The steady creep of bird flu toward the heart of the EU is feeding into consumers' fears about their health and the safety of the bloc's poultry flocks.
Earlier this year, four children died in Turkey, the first ever confirmed deaths of humans due to bird flu outside of Asia. The deaths and the encroachment into the EU's borders makes for a dismal prognosis for poultry processors who face both a narrowing of their supply sources and a fall in consumption demand.
Poultry consumption in Europe was just rebounding after plummeting briefly when avian flu influenza was discovered in flocks in Russia, Ukraine, Romania, and Turkey.
Earlier this week the European Commission reported bird flu had been found in wild birds in Austria, Greece, Italy and Slovenia. Bird flu has also been found outside the EU in Bulgaria and Azerbaijan.
Germany said yesterday two wild swans found on the island of Ruegen in the Baltic Sea were infected with the lethal H5N1 strain of the virus.
In Austria's case tests are being conducted to determine whether the disease is the H5N1 strain, which can be transmitted to humans.
Today the Commission announced two new measures designed to limit the disease had received favourable opinions from member states. A Commission proposal to approve member states' individual surveillance plans for avian influenza, and to provide up to 50 per cent co-funding for the programmes was endorsed by the Standing Committee on the Food Chain and Animal Health earlier today.
The Commission also proposes to suspend the import of untreated feathers from all non-EU countries.
EU countries with bird flu have taken the agreed-upon measures to limit the spread of the disease. All five EU countries have put interim protection measures in place, including the establishment of a three kilometer protection zone around the area where the dead birds were found and a surrounding surveillance zone of 10 km.
In the protection zone, poultry must be kept indoors, movement of poultry is banned except directly to the slaughterhouse, and the dispatch of meat outside the zone is forbidden except under very limited conditions.
In both the protection and surveillance zone, on-farm biosecurity measures must be strengthened, hunting of wild birds is banned and disease awareness of poultry owners and their families must be carried out.
The Standing Committee on the Food and Chain and Animal Health is meeting today and tomorrow to review the situation within the EU.
Other EU governments have also stepped up biosecurity measures to help prevent bird flu from spreading.
Sweden's government has already ordered poultry farmers to keep their livestock indoors to prevent infection. Germany and France are considering whether to force farmers to confine more of their poultry flocks indoors.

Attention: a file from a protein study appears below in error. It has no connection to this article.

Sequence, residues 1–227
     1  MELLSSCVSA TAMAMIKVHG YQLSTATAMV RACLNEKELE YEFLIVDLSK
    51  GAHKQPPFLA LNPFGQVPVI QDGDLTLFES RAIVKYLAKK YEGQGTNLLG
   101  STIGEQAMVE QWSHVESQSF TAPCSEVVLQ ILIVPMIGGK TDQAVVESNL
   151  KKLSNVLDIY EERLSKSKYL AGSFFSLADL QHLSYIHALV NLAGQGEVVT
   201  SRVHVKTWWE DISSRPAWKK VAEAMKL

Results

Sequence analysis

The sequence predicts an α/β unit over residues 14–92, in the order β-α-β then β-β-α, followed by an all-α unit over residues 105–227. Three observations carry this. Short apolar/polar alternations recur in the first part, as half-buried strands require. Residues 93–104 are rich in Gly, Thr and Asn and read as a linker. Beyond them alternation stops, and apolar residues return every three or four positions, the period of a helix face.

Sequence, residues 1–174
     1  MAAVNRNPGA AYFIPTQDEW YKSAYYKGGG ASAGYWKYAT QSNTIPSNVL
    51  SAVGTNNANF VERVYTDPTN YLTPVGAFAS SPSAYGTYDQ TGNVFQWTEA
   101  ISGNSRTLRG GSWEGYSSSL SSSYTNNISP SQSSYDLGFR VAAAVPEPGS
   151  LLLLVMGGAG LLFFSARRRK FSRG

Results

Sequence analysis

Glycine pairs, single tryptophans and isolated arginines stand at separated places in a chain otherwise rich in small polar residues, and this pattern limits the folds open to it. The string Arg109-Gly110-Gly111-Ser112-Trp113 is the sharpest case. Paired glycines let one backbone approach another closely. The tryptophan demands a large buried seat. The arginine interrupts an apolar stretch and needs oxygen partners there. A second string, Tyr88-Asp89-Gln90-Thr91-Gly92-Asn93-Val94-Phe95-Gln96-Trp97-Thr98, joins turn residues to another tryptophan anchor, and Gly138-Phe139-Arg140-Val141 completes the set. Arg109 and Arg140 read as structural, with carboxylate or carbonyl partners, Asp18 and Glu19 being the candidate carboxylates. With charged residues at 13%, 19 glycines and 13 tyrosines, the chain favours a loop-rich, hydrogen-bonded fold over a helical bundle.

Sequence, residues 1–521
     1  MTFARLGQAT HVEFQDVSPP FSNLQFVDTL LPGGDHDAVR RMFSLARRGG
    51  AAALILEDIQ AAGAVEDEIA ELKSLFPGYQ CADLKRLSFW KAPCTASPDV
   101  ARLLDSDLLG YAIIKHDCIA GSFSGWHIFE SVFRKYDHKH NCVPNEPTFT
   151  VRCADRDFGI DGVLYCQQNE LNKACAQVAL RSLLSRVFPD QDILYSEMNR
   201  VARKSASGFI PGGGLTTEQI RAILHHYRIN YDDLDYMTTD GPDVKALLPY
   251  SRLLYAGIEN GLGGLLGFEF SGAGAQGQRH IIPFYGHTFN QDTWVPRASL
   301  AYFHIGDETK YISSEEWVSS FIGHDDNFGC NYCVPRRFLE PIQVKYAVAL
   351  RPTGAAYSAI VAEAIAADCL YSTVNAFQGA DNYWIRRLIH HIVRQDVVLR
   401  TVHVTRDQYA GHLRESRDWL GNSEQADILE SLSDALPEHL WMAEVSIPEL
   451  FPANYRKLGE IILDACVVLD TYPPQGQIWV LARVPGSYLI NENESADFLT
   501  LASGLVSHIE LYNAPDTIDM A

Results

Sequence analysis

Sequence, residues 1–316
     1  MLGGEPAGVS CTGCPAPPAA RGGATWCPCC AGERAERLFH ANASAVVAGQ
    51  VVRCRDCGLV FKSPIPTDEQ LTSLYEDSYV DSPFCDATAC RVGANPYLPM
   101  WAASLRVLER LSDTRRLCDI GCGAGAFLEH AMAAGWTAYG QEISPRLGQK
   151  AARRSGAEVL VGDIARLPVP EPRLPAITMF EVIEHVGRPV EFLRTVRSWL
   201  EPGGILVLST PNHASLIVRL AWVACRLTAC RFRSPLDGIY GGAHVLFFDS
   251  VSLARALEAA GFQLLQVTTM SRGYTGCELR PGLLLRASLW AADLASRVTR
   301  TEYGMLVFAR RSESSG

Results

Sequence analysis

Poultry consumption fell by between 30 per cent to 40 per cent in Italy, with lesser falls occurring in other countries the EU's poultry association reported in October and November. Bans on imports of birds from affected countries also cut down the sources of supplies for food manufacturers.
In Spain, the bird flu scare resulted in a short-lived reduction in poultry meat consumption during late October and early November. By the third week of November poultry consumption had rebounded to top that of the previous year by 13 per cent, the Spanish government said.
Early warning measures are in place in all member states to ensure quick detection of the disease, both in domestic and wild birds.
Contingency plans call for the rapid control and eradication of avian influenza should it occur in poultry farms.
Slovenia has also imposed controls after authorities a dead swan also tested positive near the country's border with Austria. Azerbaijan said on Friday it had also discovered the H5N1 strain in wild birds on the Caspian Sea. Azerbaijan has borders with Turkey, Russia, Iran, Armenia and Georgia.
Now H5N1 avian influenza is in Eastern Europe, the Mediterranean, the Middle East and Africa, along with its original starting point in east Asia. The disease has led to the culling of millions of poultry.
Four people have died of the disease in the country so far, the first ocurrances of the human form of H5N1 infection outside of Asia. Last month the European Union banned live animals and animal products from Northern Cyprus after H5N1 was detected in wild birds on the island.
Since the latest outbreak began in December 2003, avian flu has killed more than 80 people in four Southeast Asian countries and killed or led to culling of an estimated 200 million birds across the region and in Turkey and Russia.
Poultry sales in Turkey have dropped by 70 per cent since bird flu was reported in humans earlier this month, according to a report in Turkey's Hurriyet newspaper. Kemal Akman, head of the union of poultry producers, is quoted as saying the industry would suffer losses amounting to $30 million per month.
Indonesia vaccinated 114 million poultry against avian flu with traditionally made vaccine in 2004.
The Food and Agriculture Organisation (FAO) has warned that the virus could become entrenched in the Black Sea, Caucasus and Near East regions through trade and movement of people and animals and it could be further spread by migratory birds particularly coming from Africa in the spring.
"Fighting the avian influenza virus in animals is the most effective and cost-effective way to reduce the likelihood of H5N1 mutating or reassorting to cause a human flu pandemic," the FAO stated. "Containing bird flu in domestic animals - mostly chickens and ducks - will significantly reduce the risk to humans. Avian influenza should not only be considered as a human health issue, but as a human and animal health issue."